Ireland – Balbriggan beach in north Dublin. E.coli pollution ‘five times safe level’

Posted in: Drinking Water News, Health effects, Misc Water Issues, Water Contamination
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Article courtesy of | August 30, 2012 | Shared as educational material only

A day-long sewage leak polluted a Dublin beach by more than 100 times the Blue Flag standard, it has emerged.

Water quality tests revealed the E.coli contamination in Balbriggan was five times the upper limit for safe bathing waters – but 100 times the top marks for cleanliness. Another bacteria of the gut that causes severe gastroenteritis, called enterococci, was 10 times recommended levels.

An investigation is under way into how an alarm failed to warn engineers that human waste was flowing unnoticed into the Irish Sea from an unmanned pumping station for 26 hours.

The Environmental Protection Agency said: “The fact that this occurred at all shows there was a failure in the wastewater treatment plant system.” It is working with Fingal County Council (FCC) to determine the cause of the incident, its impact, and what measures can be taken to stop it happening again.

Council chiefs said the test results indicated significant contamination of the bathing water by faecal material on Tuesday and backed its decision to close the beach to bathers.

“We have continued to sample water quality at the beach and it will remain closed until the samples taken return values that are within the European Bathing Water Quality Mandatory Limits,” it added.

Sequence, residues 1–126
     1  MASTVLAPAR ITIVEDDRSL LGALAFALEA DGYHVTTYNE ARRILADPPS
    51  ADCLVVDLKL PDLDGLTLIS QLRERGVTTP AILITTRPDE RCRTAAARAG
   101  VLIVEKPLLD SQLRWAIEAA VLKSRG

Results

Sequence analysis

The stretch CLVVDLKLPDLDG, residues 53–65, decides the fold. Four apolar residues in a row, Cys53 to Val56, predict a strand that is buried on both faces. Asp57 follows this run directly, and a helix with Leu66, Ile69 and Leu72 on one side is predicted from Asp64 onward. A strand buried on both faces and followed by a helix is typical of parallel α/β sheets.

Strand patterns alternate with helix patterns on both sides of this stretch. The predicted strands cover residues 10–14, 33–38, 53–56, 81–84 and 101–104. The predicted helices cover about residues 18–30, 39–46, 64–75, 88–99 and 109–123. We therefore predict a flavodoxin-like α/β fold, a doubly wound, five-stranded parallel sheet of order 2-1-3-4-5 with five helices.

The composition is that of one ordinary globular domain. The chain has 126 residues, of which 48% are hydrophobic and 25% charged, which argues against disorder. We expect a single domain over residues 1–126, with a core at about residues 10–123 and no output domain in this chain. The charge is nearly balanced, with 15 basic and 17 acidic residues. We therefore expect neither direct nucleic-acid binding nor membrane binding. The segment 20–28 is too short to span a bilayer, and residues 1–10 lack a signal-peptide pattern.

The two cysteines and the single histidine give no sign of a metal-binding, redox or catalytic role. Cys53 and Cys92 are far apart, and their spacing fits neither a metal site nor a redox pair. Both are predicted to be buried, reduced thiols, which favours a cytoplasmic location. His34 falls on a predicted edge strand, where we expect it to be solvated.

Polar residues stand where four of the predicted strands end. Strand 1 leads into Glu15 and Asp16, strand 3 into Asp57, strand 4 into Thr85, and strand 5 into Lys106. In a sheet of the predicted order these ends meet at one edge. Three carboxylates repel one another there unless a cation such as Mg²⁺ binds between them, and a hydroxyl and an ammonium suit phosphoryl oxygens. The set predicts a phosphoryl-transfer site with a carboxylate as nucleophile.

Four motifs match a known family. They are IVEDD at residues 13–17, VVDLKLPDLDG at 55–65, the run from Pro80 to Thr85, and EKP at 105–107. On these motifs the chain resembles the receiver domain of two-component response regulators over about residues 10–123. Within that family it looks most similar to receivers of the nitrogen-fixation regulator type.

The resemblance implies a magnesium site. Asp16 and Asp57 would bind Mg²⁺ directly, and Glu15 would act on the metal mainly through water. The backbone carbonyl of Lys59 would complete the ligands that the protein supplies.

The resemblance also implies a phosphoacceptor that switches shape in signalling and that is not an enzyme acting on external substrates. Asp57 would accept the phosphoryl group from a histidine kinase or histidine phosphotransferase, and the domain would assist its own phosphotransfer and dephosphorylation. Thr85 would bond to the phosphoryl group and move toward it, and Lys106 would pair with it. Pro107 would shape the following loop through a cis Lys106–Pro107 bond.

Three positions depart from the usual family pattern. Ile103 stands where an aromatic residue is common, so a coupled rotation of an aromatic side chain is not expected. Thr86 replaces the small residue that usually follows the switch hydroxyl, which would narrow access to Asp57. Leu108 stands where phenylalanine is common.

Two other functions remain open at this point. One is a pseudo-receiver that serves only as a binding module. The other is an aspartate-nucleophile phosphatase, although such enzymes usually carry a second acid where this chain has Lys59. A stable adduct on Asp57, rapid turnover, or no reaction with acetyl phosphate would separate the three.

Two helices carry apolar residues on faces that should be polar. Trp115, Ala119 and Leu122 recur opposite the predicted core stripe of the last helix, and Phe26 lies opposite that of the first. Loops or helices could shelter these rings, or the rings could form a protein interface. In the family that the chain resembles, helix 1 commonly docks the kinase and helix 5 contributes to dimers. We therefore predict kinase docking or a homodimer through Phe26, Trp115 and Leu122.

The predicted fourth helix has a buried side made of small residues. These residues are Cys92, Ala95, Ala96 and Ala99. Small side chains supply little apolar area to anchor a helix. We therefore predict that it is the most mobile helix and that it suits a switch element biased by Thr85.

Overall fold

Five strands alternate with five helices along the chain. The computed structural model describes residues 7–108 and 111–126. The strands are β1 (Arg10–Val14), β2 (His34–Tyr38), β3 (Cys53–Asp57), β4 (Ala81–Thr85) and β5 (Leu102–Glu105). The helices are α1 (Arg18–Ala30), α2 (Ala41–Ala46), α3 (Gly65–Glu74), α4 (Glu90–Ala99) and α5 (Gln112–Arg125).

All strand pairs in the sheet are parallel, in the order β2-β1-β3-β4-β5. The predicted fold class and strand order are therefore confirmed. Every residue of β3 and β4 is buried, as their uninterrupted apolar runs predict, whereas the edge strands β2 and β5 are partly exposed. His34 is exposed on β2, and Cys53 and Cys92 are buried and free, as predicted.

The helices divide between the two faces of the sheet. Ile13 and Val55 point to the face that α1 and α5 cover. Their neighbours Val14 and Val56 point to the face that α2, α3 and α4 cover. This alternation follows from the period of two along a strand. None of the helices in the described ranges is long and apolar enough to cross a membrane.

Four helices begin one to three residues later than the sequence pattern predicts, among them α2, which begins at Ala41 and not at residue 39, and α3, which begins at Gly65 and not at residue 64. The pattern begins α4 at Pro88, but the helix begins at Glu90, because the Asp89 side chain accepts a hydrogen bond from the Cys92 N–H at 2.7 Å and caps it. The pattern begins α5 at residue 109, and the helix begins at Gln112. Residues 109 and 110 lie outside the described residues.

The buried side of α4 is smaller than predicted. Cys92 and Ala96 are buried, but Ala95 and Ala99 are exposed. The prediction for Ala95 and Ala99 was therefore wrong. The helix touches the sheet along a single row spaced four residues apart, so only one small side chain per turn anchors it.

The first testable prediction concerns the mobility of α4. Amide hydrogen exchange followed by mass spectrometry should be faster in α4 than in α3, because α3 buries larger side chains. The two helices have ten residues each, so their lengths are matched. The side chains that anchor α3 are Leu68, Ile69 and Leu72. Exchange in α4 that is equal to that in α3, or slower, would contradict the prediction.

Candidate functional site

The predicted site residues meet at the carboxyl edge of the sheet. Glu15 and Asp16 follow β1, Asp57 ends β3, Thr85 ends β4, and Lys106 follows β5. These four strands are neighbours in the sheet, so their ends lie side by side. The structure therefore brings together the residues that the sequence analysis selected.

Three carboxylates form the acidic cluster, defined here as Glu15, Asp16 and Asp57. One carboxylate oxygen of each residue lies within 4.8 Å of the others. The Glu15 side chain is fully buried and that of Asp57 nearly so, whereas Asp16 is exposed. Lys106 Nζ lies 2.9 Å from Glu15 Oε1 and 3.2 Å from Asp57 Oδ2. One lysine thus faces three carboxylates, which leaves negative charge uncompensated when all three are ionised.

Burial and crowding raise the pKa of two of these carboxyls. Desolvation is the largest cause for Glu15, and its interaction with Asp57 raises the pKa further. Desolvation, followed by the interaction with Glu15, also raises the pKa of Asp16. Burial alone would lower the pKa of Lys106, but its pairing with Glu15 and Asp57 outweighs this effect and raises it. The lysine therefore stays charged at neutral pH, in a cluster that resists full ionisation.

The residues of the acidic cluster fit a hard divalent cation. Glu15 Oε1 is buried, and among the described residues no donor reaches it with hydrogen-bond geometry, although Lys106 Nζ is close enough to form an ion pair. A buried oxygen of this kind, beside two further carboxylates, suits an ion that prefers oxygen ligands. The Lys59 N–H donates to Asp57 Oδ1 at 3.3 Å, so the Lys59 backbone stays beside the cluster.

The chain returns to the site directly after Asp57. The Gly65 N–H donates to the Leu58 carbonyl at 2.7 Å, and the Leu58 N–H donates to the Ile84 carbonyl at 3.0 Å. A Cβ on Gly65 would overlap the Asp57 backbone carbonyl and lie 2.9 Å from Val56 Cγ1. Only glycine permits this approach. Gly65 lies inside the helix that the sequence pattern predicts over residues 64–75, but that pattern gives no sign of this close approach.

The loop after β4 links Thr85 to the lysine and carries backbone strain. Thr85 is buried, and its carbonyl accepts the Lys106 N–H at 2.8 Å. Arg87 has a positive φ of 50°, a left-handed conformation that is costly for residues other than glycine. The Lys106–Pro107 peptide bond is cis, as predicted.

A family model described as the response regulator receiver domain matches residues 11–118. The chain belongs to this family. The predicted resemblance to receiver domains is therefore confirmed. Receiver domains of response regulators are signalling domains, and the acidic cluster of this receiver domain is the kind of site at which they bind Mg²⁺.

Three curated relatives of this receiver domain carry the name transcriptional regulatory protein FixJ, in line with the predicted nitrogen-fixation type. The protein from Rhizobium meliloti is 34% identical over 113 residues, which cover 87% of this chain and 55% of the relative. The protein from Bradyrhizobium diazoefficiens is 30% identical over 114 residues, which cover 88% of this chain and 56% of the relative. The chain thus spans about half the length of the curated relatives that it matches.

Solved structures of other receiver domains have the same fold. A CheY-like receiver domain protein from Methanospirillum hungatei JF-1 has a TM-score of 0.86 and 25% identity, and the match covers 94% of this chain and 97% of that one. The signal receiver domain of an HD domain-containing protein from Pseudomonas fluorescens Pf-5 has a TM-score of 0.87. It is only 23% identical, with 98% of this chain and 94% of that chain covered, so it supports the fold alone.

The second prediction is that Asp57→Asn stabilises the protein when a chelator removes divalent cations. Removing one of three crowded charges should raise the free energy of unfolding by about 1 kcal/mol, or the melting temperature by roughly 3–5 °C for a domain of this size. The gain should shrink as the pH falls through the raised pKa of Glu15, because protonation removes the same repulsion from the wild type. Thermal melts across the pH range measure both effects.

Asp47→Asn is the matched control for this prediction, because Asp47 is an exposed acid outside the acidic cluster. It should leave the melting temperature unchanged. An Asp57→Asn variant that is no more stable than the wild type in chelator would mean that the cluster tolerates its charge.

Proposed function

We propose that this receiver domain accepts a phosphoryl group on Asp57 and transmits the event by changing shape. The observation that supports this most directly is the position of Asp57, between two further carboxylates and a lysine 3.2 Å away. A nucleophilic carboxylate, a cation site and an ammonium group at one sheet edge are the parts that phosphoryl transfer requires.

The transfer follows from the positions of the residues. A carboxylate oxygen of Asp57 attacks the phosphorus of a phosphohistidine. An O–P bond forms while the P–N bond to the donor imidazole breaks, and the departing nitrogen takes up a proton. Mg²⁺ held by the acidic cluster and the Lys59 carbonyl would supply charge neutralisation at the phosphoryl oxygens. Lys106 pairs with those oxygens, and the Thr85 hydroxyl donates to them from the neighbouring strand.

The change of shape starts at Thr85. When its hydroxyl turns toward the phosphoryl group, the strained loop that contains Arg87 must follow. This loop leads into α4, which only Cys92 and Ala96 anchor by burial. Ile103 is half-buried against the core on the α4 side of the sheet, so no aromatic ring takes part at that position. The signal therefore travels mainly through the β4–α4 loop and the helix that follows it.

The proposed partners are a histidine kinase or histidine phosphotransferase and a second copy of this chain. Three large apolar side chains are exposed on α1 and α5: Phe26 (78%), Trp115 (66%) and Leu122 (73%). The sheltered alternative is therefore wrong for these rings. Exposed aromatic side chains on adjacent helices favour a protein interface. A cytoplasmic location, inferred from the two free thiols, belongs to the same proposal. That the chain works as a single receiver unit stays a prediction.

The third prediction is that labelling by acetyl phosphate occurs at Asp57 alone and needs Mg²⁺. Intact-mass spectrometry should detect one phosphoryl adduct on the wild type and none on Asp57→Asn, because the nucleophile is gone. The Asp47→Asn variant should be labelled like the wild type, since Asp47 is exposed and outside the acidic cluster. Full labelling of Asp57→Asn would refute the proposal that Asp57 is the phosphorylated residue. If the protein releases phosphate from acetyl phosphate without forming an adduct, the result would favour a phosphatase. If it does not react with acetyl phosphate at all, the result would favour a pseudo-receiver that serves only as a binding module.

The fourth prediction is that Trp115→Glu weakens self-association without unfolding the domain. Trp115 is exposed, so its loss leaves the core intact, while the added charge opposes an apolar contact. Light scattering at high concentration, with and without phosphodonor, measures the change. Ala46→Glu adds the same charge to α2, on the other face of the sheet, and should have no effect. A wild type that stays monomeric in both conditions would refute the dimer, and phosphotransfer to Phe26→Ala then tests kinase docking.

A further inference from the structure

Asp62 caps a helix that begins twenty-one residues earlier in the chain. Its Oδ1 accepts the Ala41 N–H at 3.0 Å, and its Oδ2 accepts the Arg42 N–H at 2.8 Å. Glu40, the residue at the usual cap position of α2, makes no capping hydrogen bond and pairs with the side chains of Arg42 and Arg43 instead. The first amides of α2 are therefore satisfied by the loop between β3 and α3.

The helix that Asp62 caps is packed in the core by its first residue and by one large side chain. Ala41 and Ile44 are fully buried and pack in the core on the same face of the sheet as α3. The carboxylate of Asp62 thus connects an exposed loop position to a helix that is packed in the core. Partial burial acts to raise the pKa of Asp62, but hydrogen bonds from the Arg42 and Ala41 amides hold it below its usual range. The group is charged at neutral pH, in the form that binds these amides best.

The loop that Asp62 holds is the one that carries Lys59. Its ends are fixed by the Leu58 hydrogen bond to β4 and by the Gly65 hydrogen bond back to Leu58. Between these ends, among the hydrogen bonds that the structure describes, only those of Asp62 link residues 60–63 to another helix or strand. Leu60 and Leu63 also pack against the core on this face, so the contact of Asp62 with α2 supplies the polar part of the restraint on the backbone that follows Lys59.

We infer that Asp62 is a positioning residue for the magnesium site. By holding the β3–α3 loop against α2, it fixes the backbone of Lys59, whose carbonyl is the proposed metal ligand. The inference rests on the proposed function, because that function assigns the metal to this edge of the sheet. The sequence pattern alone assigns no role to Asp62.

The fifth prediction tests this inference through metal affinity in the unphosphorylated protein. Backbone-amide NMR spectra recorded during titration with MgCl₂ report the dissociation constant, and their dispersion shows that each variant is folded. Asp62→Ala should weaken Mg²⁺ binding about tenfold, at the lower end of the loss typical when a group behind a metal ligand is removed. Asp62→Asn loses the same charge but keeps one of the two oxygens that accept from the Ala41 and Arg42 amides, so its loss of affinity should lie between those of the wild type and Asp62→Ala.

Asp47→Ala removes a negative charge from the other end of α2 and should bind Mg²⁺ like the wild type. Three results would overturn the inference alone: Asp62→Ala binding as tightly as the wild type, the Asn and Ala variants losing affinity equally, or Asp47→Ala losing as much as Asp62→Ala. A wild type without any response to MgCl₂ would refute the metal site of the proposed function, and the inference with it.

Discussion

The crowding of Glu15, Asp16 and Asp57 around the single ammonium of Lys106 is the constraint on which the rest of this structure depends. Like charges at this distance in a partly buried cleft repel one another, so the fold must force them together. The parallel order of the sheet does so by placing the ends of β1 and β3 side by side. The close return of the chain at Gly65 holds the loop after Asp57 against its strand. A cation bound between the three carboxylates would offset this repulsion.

Quality levels at a nearby Blue Flag beach in Skerries – where a second pumping station was also out of action for two hours on Tuesday – are safe, tests showed.

The alarm was raised when a member of the public spotted human waste washed up on the beach at Hampton Cove in Balbriggan on Tuesday afternoon. It later emerged Isaac’s Bower pumping station had stopped working more than a day earlier due to power cuts from bad weather.

Council chiefs admitted it was not possible to accurately measure the exact amount of sewage discharged, but it was believed to be in the region of 3,500 cubic metres of waste.

Lar Spain, a senior engineer with the council, said it was also not yet known why a back-up power supply for the alarm failed. There was no on-site generator. “Unfortunately, with reduced staff numbers we have to rely on instrumentation to warn us when these things happen, and if that instrumental fails it leaves us on the back foot,” he said.

Kevin Tolan, chairman of Balbriggan Chamber of Commerce, warned the same could happen again as the station tries to cope with the town’s population which almost doubled during the building boom.

“Balbriggan is a working fishing port and to have raw sewage flow into the sea for 26 hours in 2012 is totally unacceptable,” he said. “We want to know what emergency reactions plans they had in place to deal with it, why the alarm didn’t go off and what happened to the back-up system.”

Campaigners against a giant sewage plant in the Fingal area also claim the pollution shows engineers and technology cannot stop an environmental disaster.

Brian Hosford, chairman of Reclaim Fingal Alliance, said if a larger plant was built, a bigger catastrophe could happen. “We believe a monster plant will have a detrimental effect on communities, the farming, horticulture and fishing sectors, and destroy an environmentally sensitive coastline, which has several areas of special protection,” he said.

Fingal County Council said larger plants had a significantly higher level of engineering resilience, with on-site power generation and overflow storage capacity.


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Water news archives. Table of contents – 200 articles – April~August 2012

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